THE FOREIGN SERVICE JOURNAL
Foreign Service Political Officer Michael Metrinko spent most of his
14 months as a hostage in solitary confinement. Here is his story.
BY M I CHAE L METR I NKO
hat happened on Novem-
ber 4, 1979?
I generally got into the
embassy late because I
would go out every night.
I would not get home
until midnight or 1 a.m. I
was one of the few people
who was going out, but I
was also seeing a whole wide range of people who were useful to
the embassy, for reporting and to get things done.
On Nov. 3, I had been contacted by two of Ayatollah Taleghani’s
sons, saying they wanted to meet me the next morning at the
embassy. I told them that I wouldn’t be able to get there until
around 11 a.m. or so. They were insistent it had to be earlier,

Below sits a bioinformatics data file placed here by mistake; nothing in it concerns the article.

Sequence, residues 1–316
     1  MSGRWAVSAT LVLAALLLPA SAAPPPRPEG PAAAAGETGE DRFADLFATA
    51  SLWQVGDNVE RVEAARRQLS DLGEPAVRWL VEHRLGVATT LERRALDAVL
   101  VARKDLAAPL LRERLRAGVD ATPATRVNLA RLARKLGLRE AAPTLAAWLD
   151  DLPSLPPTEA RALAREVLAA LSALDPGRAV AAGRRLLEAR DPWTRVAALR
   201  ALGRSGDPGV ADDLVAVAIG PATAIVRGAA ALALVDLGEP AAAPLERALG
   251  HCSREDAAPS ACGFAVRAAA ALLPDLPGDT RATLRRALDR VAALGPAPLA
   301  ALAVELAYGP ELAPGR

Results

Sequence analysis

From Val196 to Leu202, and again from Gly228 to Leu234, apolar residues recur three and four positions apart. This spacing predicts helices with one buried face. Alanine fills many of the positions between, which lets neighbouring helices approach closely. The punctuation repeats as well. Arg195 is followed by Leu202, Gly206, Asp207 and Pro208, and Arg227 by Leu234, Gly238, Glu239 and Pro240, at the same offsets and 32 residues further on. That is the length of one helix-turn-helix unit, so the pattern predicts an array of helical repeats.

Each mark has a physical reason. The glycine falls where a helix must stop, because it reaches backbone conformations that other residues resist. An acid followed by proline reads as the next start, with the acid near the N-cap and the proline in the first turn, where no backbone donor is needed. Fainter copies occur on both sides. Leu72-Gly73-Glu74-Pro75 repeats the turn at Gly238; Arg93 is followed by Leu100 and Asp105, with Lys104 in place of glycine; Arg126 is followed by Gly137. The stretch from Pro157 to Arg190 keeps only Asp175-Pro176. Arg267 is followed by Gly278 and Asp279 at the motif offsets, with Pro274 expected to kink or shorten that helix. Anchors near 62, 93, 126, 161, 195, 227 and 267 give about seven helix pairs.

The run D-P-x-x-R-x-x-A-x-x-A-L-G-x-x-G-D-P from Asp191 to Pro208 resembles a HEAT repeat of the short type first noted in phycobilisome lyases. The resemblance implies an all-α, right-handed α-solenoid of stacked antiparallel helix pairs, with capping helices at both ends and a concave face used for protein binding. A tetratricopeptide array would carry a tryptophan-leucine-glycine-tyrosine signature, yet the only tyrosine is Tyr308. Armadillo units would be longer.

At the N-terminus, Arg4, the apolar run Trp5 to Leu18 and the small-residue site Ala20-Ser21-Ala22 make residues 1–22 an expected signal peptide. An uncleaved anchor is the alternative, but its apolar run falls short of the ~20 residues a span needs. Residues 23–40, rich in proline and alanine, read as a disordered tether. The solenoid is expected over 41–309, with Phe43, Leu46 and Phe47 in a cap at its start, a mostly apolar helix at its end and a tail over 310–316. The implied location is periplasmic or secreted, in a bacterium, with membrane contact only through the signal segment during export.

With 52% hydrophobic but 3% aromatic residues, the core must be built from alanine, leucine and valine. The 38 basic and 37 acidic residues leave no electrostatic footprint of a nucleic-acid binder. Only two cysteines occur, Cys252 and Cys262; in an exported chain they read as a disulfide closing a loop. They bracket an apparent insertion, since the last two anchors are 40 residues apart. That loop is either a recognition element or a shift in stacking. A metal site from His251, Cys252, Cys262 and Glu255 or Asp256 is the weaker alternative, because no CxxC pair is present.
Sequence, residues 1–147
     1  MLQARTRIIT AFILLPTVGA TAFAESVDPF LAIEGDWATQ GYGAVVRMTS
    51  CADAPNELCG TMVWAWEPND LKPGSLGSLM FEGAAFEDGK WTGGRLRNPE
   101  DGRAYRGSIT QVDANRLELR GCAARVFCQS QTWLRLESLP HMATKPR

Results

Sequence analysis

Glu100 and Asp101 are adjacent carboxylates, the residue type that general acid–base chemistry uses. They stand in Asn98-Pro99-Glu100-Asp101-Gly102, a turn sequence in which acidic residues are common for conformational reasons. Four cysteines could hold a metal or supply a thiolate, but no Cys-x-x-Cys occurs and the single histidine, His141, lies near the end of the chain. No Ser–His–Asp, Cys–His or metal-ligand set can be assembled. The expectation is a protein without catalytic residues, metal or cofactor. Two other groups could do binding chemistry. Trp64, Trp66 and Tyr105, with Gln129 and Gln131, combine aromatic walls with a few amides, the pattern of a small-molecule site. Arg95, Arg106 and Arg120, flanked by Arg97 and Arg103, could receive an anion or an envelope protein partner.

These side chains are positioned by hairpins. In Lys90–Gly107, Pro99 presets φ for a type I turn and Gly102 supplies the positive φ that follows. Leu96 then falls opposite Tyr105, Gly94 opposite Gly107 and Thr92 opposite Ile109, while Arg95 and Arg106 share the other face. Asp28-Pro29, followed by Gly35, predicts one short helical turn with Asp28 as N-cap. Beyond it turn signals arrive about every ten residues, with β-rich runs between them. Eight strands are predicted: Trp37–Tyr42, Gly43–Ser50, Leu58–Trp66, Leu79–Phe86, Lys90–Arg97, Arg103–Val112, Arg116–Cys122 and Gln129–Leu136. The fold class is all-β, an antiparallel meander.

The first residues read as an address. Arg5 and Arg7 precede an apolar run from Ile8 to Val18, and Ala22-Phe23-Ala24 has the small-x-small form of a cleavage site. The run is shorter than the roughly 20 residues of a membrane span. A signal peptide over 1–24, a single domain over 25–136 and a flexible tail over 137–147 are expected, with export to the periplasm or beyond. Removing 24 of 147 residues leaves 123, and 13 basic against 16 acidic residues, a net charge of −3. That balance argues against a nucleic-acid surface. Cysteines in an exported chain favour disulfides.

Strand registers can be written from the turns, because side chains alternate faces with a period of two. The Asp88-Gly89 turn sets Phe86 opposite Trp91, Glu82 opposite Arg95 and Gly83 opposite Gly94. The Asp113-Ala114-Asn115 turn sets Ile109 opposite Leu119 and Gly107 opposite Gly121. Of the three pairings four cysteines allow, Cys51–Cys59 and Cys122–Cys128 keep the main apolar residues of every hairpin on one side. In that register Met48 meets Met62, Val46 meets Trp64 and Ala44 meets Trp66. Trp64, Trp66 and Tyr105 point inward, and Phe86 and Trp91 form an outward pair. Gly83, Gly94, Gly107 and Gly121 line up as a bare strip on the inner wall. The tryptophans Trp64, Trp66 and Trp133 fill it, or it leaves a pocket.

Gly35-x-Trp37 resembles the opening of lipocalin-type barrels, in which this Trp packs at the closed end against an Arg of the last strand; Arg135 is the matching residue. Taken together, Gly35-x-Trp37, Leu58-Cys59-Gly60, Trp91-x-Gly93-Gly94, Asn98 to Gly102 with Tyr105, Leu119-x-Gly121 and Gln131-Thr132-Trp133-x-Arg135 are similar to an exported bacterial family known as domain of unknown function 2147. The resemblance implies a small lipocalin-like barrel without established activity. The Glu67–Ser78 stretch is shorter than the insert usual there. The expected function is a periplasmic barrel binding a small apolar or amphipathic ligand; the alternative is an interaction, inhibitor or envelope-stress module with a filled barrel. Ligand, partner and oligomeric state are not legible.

because they were leaving to see Yasser Arafat and they wanted to
talk to me before they went. This was logical, knowing these two
people, so I agreed to be there early.
I was in my office waiting for my friends to call. I noticed that
there was a tremendous amount of activity around the embassy.
The noise level had just picked up considerably, and when we
looked out we could see lots of heads. Suddenly the heads were
coming over the walls. And that was that. When I got to the main
floor, people were at the doors. Then it was a matter of battening
down the hatches.
I was part of the group in the ambassador’s office—a large
group with some discipline, not a tremendous amount. The
chargé, his deputy and the regional security officer were gone,
so there was some confusion over who was in charge. There was
more noise outside. The phone lines were still working. We were
The 1979 Hostage Crisis:
Down and Out in Tehran
Michael Metrinko addressing a huge crowd in Scranton, Pa., the
first stop en route to his hometown from Iran in January 1981.